From a design perspective who inspire you and why?
I’m mainly influenced by the Danish modern style, in particular, Finn Juhl and Bodil Kjaer. I think being able to create compelling pieces with a restrained elegance is a remarkable skill.
In terms of contemporary makers, I’m in awe of anyone with a distinctive style that is executed with confidence. In the UK, Kevin Stamper has a proprietary dying technique he uses to create pixelated marquetry; Eleanor Lakelin turns and carves captivating vessels that embrace natural features; in California, Taylor Donsker has a rich and particular take on waney edge slab furniture.
Do current trends inform the final choices you make around materials?
I try not to let them. Carved texture and scorching are big at the moment, and while the results are incredible, I’m a little turned off by the ubiquity. Not out of obstinance, but because I think it’s hard to stand out if your aesthetic is popular. It’s great if you can develop your own take on a trend, but I haven’t managed to do that! My aim is to make the work distinctive by attention to proportion and restrained use of material.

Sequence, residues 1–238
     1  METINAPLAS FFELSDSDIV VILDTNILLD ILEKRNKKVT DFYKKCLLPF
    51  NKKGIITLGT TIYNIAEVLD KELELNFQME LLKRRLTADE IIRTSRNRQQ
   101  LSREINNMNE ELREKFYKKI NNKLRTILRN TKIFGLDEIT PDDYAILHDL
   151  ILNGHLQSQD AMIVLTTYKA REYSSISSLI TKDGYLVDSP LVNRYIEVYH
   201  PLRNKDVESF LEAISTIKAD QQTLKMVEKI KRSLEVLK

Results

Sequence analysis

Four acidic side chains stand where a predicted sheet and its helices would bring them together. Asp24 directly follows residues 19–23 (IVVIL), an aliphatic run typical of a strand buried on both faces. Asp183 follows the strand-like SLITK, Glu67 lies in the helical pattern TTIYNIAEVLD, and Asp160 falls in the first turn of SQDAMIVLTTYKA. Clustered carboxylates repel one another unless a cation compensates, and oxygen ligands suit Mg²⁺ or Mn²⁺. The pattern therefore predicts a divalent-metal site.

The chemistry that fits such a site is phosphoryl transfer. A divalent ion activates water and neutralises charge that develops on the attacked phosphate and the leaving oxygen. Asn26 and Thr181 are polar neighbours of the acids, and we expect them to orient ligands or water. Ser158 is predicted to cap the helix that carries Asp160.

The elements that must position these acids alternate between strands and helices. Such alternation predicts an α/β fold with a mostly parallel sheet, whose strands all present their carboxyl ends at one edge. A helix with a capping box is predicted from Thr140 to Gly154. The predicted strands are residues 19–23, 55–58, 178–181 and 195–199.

In terms of materials, I favour London plane as it is so utterly compelling and yet is abundant right here in the city. It is not seen often enough in furniture, so I hope it becomes a trend as it is a beautiful material that speaks of its origin.
Finally, tell us what's next for you?
I have a Beech from Kensington Gardens that I’m really excited to be taking out of the kiln soon. It’s a beautiful tree of singular provenance that I look forward to offering to clients. There’s also a monster Oak from Bishop’s Avenue that is being processed and again, it will be a special material that offers its own story.
I’ll be showing new work at London Craft Week in May, and will exhibiting again at Decorex and Celebration of Craftsmanship & Design later in the year.